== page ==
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Publication numberUS5362631 A
Publication typeGrant
Application numberUS 08/099,868
Publication dateNov 8, 1994
Filing dateJul 29, 1993
Priority dateJul 29, 1993
Fee statusLapsed
Publication number08099868, 099868, US 5362631 A, US 5362631A, US-A-5362631, US5362631 A, US5362631A
InventorsBruno Calabretta
Original AssigneeThomas Jefferson University
Export CitationBiBTeX, EndNote, RefMan
External Links: USPTO, USPTO Assignment, Espacenet
Capable of producing granulocyte/macrophage-colony simulating factor
US 5362631 A
Abstract
A c-myb transfected cell line capable of producing a selected growth factor is provided. In a preferred embodiment, human glioblastoma cells are co-transfected with a first plasmid containing human c-myb DNA and second plasmid containing the gene encoding hygromycin resistance. Methods of producing selected growth factors employing cell line are also provided.
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Claims(9)
What is claimed:
1. A cell line of c-myb-transfected T98G human glioblastoma cells capable of producing granulocyte/macrophagecolony stimulation factor or stem cell factor.
2. A cell line of claim 1 having cells co-transfected with a first plasmid containing human c-myb cDNA and a second plasmid containing the gene encoding hygromycin resistance.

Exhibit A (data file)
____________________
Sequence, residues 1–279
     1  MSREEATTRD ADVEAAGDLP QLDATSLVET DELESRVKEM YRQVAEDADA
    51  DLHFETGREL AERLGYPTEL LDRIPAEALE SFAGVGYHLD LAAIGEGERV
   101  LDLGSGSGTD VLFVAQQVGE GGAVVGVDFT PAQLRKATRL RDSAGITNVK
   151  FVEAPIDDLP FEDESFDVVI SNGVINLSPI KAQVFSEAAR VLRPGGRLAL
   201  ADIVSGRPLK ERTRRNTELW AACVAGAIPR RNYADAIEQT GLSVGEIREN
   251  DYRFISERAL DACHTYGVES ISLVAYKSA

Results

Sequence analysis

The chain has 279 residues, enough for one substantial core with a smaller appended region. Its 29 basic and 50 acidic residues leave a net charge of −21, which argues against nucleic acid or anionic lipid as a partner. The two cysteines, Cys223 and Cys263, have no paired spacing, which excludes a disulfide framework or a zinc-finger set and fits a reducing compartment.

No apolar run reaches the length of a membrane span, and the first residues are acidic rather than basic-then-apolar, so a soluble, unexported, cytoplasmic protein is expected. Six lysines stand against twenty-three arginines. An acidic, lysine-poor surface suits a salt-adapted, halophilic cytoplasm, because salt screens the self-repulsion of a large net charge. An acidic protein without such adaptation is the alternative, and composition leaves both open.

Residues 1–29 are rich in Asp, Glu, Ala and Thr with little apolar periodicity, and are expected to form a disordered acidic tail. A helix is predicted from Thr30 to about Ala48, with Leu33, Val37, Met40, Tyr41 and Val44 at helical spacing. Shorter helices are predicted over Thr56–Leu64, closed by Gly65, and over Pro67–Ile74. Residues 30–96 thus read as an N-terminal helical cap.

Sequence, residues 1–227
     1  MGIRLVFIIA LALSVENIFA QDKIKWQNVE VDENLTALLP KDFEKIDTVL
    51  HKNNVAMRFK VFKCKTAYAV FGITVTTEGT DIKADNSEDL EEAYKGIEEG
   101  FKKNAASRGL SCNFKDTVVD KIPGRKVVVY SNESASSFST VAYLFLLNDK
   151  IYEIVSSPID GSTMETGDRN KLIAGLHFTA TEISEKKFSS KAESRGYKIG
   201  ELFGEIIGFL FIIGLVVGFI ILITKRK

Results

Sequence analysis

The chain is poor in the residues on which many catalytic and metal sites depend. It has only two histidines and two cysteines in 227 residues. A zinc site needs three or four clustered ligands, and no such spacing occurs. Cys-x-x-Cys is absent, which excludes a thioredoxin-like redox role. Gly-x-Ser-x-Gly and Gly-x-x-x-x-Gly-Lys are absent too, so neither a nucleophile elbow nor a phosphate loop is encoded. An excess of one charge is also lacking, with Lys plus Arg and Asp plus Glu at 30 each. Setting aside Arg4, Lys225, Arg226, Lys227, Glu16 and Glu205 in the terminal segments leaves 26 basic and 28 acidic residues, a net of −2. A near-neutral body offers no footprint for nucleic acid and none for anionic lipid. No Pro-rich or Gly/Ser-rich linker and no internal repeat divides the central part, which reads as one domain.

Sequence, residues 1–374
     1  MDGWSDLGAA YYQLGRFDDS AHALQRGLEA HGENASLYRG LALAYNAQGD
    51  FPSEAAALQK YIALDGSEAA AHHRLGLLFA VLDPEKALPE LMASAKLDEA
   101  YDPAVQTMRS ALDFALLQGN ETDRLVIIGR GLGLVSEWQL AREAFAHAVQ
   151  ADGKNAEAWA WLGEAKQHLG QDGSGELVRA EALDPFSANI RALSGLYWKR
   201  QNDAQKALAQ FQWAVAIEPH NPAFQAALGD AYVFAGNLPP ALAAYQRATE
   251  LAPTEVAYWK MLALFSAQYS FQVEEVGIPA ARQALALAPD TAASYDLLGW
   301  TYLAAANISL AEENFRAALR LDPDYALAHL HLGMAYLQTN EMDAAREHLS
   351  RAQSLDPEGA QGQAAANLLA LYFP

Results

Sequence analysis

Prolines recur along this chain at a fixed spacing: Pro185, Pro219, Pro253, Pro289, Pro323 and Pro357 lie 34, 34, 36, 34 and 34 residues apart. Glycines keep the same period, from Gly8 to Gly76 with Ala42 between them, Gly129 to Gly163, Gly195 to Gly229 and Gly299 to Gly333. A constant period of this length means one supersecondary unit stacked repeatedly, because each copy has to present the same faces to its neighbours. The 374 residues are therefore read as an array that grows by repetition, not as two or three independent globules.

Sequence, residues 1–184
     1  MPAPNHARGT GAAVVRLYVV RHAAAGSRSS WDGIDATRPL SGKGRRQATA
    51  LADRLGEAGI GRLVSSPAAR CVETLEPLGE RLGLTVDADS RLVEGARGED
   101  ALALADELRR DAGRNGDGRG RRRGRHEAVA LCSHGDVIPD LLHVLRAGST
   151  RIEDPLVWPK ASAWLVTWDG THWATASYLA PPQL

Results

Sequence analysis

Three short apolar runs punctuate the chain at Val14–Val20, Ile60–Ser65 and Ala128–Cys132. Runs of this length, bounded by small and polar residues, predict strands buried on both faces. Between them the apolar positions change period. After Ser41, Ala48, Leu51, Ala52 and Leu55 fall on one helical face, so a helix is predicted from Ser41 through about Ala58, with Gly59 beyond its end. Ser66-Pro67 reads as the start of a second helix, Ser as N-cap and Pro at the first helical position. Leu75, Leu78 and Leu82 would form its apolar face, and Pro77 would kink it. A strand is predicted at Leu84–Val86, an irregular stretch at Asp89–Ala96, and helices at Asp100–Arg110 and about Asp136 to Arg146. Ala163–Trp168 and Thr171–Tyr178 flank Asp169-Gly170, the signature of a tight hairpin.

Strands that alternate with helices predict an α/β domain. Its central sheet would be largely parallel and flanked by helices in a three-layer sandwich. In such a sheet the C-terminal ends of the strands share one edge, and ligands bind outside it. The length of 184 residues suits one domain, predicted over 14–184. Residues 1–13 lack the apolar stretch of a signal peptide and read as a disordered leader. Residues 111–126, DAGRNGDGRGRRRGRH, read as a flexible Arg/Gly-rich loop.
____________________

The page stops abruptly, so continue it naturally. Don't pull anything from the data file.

3. A cell line of claim 2 wherein said second co-transfected plasmid is the plasmid pLHL4.
4. A cell line of claim 2 wherein said first plasmid comprises a full-length c-myb cDNA under the control of the SV40 promoter.
5. A cell line of claim 4 wherein said first co-transfected plasmid is the plasmid pMbm1.
6. A method of producing granulocyte/macrophage-colony stimulation factor or stem cell factor comprising:
culturing T98G human glioblastoma cells;
co-transfecting said cultured T98G human glioblastoma cells with a first plasmid containing human c-myb cDNA and a second plasmid containing the gene encoding hygromycin resistance;
selecting for hygromycin-resistant cells in culture medium containing hygromycin B;
culturing the cells so selected in medium containing hygromycin B;
recovering granulocyte/macrophage-colony stimulation factor or stem cell factor from the culture medium.
7. The method of claim 6 wherein said second co-transfected plasmid is the plasmid pLHL4.
8. The method of claim 6 wherein said first co-transfected plasmid comprises a full-length c-myb cDNA under the control of the SV40 promoter.
9. The method of claim 8 wherein first co-transfected plasmid is the plasmid pMbm1.
Description

This invention was made in the course of research funded by the National Institute of Health under grant number CA09670. This U.S. government may have certain rights in this invention.

BACKGROUND OF THE INVENTION